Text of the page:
There are a variety of options when it comes to choosing a sight for your handgun, shotgun, or rifle. Each sighting option has its own set of advantages and disadvantages. This article discusses each of the major options.
Pros:Long range accuracy and target magnification.
Cons: Difficult if not impossible to use at very short ranges, can be the most expensive option, can be fragile.
Scopes are best suited for use with targets at medium/long ranges. At these ranges, a scope provides the shooter with the benefit of magnification, which makes it easier to hit the target, and to ensure that the target is indeed a target. Most high quality scopes will offer variable magnification, allowing the shooter to select the proper magnification for the distance and other conditions. Scopes are less useful at shorter ranges, and utterly unusable at very short ranges, due to the minimum focal length of the optics, and the extra time it can take to acquire a target when using a scope. For this reason, scopes are generally not useful for home/self defense guns, since self defense happens at close ranges and target acquisition speed is of the essence. Scopes are well suited to hunting and target shooting at longer ranges. Those who expect to use their firearm at both short and long ranges may benefit from mounting the scope high enough so that the built in open sights can still be used.
Pros: Very high speed target acquisition. Allows accurate firing from many positions and angles. Has an “intimidation factor” when used for self defense.
Cons: Can give away the shooter’s location. Dead batteries can be a liability.
Laser sights, such as the LaserMax and CrimsonTrace LaserGrip can be a great option, especially for self defense or varmint hunting. Laser sights allow for very rapid target acquisition, which is essential in these two scenarios. Laser sights also allow for decent medium range accuracy, although the very long range accuracy will suffer due to a lack of magnification (as a scope would provide). In the self defense scenario, lasers allow accurate firing from non standard positions and angles, such as when firing from bed at a home invader. On the down side, there is the need to turn on the laser sight, and the problem of getting of dead batteries right when the laser sight is needed (changing batteries regularly can greatly reduce this risk, of course). Laser sights make great home defense or tactical accessories for both handguns and long guns.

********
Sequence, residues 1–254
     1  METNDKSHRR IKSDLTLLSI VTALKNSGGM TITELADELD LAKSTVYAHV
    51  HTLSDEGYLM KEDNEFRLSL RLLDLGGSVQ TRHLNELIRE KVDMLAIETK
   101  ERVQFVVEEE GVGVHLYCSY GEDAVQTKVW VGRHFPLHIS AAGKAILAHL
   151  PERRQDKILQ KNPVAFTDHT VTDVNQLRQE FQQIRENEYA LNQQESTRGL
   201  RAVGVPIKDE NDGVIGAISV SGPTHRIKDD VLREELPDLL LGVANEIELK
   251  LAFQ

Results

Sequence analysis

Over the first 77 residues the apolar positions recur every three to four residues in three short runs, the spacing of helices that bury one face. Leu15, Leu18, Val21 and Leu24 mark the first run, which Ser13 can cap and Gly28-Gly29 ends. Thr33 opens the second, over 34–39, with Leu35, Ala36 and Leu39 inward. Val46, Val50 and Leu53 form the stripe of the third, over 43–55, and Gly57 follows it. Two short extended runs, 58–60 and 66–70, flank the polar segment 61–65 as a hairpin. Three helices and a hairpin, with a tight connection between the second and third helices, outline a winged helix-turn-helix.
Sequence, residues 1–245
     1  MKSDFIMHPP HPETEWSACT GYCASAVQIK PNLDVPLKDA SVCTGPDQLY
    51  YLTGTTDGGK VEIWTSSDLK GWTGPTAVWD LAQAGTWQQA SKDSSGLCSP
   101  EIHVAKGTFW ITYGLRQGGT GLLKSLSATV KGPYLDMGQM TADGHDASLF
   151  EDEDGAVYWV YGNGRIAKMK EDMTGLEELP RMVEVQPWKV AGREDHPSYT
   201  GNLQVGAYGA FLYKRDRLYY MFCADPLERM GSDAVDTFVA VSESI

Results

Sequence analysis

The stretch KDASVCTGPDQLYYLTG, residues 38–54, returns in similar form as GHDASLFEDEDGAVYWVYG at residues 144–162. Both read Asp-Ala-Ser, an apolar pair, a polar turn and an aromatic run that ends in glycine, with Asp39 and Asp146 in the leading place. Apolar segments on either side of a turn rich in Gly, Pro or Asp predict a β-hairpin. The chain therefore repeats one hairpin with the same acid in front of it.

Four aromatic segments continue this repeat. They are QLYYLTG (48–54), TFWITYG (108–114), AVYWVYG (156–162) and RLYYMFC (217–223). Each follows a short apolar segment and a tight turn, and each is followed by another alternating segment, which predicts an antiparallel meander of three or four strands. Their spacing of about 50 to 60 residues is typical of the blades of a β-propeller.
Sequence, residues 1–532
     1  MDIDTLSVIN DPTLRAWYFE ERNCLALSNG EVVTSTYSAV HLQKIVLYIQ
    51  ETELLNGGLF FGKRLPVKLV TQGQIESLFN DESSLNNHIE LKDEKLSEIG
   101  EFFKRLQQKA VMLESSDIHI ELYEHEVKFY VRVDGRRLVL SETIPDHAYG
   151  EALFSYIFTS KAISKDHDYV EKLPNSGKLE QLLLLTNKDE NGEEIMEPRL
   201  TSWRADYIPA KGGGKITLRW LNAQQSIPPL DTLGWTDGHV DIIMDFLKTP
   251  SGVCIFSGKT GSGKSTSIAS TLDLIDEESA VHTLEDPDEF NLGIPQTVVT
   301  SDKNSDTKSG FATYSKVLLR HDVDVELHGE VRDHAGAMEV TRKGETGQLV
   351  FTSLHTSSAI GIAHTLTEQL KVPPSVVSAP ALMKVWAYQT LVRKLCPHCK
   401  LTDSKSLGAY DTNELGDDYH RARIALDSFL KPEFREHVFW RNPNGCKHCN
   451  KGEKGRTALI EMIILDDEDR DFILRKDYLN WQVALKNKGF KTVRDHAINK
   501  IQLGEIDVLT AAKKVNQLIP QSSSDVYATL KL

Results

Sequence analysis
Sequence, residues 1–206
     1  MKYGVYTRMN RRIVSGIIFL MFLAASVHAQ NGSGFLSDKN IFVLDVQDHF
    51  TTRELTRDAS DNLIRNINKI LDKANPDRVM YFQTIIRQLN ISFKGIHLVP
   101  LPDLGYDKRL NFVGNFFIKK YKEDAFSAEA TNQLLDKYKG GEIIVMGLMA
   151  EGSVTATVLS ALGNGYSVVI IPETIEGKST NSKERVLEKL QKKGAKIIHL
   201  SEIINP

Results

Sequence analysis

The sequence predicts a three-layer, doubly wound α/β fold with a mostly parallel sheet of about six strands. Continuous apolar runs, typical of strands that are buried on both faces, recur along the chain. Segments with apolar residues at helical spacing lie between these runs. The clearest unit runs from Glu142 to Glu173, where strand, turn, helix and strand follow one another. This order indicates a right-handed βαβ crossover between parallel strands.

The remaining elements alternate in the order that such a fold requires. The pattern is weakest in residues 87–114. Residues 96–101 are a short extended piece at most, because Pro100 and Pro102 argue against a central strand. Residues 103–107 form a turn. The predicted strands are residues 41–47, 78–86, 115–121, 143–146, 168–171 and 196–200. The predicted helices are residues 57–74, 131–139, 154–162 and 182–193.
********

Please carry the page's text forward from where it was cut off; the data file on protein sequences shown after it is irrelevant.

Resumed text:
Pros: Fast and easy target acquisition.
Cons: No magnification, less accurate at longer ranges than rifle sights
Ghost ring sights consist of a vertical post near the front of the gun, and a hollow ring near the rear of the gun. The gun is aimed by centering the post within the ring, and placing the post on the target, which is something the human eye/brain seem to want to do automatically. This makes target acquisition fast, and almost second nature for most people. For these reasons, ghost ring sights are well suited for home/self defense. On the down side, ghost rings don’t give the shooter the same long range accuracy as could be had with a scope, or even with rifle sights.
Red Dot (Reflex Sight)
Pros: Fast and easy target acquisition. No projected light visible to the target.
Cons: Dead batteries can be a liability.
Red dot sights are basically non-magnifying scopes that have an illuminated red dot appear over the target. Unlike a laser sight, a red dot sight does not project any light onto the target, which can help prevent the shooter’s location from being revealed. The optics used by modern red dot sights are pretty amazing, but they can be purchased for reasonable prices. Since red dot sights are battery operated, they have the same liability as laser sights when it comes to dead batteries.
Pros: Inexpensive, works at a variety of ranges, reliable
Cons: Lack of the advantages such as magnification, accurate aiming from nonstandard positions, or faster target acquisition.
Open sights come standard on many firearms, and consist of a bead/post that is lined up with the target, as the shooter looks down the top of the firearm’s barrel. This type of sight, in various forms, is standard on most firearms, and has worked well for hundreds of years. It is inexpensive, and reliable, having few if any adjustable parts and not needing any batteries. On the down side, open sights do not provide magnification. Also, since the human eye cannot focus on the sights and the target at the same time, one will appear blurry to the shooter.
Selecting the right sight depends upon the situation. Hopefully the above information will help you to make a good decision as to the sighting system that is right for your needs.
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